"Petitioners are said to have no locus standi before a committee, when their property or interests are not directly and specially affected by the bill, or when, for other reasons, they are precluded from opposing it. The committee will determine, according to the circumstances of each case, whether petitioners have such an interest as to entitle them to be heard; and such circumstances will necessarily vary according to the special relations of the petitioners, and the nature and objects of the bill itself.

"It has been held generally, as a parliamentary rule, that competition does not confer a locus standi; but of late years this rule has been considerably relaxed, and numerous exceptions have in practice been admitted. The proprietors of an existing railway have no right to be heard upon their petition against another line, on the ground that the profits of their undertaking will be diminished. But if it be proposed to take the least portion of land belonging to the company, their locus standi immediately becomes unquestionable. The result of this rule has been, that most of the great parliamentary contests between railway companies have been conducted in the names of landowners. Each company have obtained the signatures of landowners to petitions against the rival scheme; have instructed counsel to appear upon them; and have defrayed all the costs of the nominal petitioners. A variation of the practice, however, has been introduced as regards competing schemes referred to the same committee; and in 1848 the rule was further relaxed in favour of the proprietors of canals or navigations. An existing water or gas company has been held to have no locus standi against a new company proposing to supply the same district, unless their property be taken or interfered with; but in recent cases this rule has not been enforced.

"Another important ground of objection to the locus standi of petitioners is, that they are shareholders or members of some corporate body by whom the bill is promoted, and that being legally bound by the acts of the majority, they are precluded from being heard as individual petitioners. This objection was argued at great length in the case of the Birmingham and Oxford Junction Railway Bill, in 1847, when the committee decided that shareholders in the company were not entitled to be heard. Again, in the London, Brighton and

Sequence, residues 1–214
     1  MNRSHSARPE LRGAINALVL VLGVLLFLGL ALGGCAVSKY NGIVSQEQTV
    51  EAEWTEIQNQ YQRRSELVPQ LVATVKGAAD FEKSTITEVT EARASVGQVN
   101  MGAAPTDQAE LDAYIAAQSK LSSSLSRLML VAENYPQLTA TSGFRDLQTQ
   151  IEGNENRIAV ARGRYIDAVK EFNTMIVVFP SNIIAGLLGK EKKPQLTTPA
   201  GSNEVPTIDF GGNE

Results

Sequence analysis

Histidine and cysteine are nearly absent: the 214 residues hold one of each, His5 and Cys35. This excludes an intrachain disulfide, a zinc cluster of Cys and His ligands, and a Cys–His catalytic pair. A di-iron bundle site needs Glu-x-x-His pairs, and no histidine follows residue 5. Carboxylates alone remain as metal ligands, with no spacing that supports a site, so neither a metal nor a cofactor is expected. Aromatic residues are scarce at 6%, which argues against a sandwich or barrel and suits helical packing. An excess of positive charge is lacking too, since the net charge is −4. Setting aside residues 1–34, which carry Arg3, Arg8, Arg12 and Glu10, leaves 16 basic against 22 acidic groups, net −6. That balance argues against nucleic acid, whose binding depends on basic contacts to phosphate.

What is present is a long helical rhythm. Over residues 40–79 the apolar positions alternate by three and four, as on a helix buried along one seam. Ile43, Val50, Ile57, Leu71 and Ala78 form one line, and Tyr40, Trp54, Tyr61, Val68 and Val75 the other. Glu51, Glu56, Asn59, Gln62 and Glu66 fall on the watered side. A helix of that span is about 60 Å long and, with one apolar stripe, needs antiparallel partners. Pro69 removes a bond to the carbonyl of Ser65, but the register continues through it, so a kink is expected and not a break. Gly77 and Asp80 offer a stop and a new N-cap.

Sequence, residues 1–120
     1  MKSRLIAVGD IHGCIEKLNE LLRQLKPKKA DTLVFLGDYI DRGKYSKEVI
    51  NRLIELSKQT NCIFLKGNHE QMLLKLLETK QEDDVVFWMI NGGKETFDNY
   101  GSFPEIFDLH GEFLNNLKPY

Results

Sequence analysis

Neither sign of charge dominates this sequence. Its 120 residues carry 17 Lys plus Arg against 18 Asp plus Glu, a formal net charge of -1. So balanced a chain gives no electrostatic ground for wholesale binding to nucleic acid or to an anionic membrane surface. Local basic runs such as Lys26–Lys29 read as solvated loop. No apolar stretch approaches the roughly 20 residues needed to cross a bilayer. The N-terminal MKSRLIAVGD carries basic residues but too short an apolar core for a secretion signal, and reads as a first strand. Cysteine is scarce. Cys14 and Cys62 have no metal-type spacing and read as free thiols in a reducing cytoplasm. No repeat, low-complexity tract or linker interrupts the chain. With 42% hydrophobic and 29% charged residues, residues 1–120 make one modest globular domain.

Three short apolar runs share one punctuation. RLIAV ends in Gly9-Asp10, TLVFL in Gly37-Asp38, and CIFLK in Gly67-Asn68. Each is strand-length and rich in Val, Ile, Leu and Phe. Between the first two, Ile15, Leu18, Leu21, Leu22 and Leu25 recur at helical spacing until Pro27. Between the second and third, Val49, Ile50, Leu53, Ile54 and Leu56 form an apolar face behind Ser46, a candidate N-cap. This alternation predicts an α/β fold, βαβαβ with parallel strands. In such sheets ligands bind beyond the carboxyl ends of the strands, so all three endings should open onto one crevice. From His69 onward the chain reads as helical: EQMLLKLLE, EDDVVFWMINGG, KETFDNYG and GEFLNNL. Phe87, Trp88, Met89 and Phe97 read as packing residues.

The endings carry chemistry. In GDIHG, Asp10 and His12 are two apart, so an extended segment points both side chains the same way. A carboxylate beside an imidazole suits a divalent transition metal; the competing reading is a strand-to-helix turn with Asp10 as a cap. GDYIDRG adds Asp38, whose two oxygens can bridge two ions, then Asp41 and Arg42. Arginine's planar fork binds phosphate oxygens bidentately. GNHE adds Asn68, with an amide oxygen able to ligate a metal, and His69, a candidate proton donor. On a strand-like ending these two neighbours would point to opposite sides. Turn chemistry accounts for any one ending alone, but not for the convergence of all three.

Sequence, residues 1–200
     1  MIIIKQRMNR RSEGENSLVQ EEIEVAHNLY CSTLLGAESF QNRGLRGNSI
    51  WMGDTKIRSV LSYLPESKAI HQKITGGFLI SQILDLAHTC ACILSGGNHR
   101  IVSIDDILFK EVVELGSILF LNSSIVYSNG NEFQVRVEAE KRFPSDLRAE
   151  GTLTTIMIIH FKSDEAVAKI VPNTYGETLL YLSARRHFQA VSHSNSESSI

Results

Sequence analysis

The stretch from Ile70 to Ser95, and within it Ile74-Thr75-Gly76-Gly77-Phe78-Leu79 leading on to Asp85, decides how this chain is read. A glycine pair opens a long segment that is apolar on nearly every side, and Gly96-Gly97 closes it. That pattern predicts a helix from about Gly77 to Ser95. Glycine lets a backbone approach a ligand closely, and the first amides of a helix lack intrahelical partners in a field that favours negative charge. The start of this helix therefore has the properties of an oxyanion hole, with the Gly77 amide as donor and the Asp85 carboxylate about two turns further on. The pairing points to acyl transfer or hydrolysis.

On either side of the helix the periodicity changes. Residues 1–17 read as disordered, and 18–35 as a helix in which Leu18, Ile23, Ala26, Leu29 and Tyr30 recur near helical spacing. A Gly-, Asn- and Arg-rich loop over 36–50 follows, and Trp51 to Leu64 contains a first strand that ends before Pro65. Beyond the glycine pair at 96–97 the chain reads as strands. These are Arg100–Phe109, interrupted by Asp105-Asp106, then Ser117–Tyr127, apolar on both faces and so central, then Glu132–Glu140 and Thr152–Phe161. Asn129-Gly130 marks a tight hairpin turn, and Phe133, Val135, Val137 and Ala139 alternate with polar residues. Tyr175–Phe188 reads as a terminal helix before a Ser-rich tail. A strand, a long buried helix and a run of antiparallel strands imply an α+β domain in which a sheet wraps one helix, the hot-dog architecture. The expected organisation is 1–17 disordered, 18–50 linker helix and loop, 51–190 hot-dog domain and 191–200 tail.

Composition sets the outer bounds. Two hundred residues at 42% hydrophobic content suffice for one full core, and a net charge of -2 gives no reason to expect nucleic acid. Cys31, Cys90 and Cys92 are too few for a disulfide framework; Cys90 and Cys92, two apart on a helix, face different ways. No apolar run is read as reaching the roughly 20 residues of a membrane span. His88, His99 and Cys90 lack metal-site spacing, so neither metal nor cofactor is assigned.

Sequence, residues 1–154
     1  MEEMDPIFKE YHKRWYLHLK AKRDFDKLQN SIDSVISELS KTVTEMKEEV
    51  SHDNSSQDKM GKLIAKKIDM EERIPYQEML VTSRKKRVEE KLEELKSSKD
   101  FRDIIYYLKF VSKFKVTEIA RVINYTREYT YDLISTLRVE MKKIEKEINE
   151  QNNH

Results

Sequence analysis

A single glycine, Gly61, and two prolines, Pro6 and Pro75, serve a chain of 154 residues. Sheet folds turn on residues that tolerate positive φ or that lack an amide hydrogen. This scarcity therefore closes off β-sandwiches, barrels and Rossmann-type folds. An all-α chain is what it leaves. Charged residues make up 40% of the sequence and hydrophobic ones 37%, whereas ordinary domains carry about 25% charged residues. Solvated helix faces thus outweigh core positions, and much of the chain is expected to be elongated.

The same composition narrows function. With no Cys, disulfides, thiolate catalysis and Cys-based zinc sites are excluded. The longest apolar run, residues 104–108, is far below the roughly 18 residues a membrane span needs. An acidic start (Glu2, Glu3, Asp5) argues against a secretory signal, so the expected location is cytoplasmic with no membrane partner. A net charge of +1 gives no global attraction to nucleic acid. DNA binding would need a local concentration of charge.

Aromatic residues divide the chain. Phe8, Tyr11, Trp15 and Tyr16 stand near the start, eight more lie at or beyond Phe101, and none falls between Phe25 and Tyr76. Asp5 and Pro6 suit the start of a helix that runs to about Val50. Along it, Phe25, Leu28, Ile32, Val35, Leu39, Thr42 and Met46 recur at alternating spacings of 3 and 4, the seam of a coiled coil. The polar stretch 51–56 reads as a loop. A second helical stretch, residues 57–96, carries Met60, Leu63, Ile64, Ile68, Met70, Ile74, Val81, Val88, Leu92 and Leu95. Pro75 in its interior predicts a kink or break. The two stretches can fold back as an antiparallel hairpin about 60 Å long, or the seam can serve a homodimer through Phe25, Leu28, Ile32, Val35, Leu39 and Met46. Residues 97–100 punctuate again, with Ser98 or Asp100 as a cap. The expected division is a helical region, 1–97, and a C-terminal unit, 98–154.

South Coast Railway Bill, in 1848, determined that the general rule, that in the case of a joint-stock company the decision of the majority is binding on the minority, ought to be observed, and that the minority of the shareholders in this case had no locus standi before the committee.' In the Queensferry Passage Bill, in 1848, it was decided that individual trustees of the Queensferry Passage could not be heard against the bill promoted by the general body of the trustees. On the other hand, in the Manchester Cemetery Bill, in 1848, objection was taken to the locus standi of certain petitioners, being trustees and proprietors of shares in the cemetery, on the ground that they were a minority of a corporate body, in respect of interest in which body, they opposed the bill; but the committee determined that they were entitled to be heard. In 1850, the committees on the Shrewsbury and Hereford, the Shropshire Union, &c., and the Waterford and Kilkenny Railway Bills determined that dissentient shareholders could not be heard. With very few exceptions, indeed, it has been the rule, in the Commons, not to hear dissentient shareholders, unless they have any interest different from that of the general body of shareholders. In the Lords a different rule has prevailed; and shareholders who have dissented to the bill at the meeting called in pursuance of Lord Wharncliffe's order, are expressly permitted to be heard, and have even been heard without such dissent. In the case of preference shareholders, the Commons have been obliged to depart from their usual practice. The proprietor of preference shares has a special interest often opposed to that of the general body of shareholders, and justice requires that he should not be excluded from a hearing.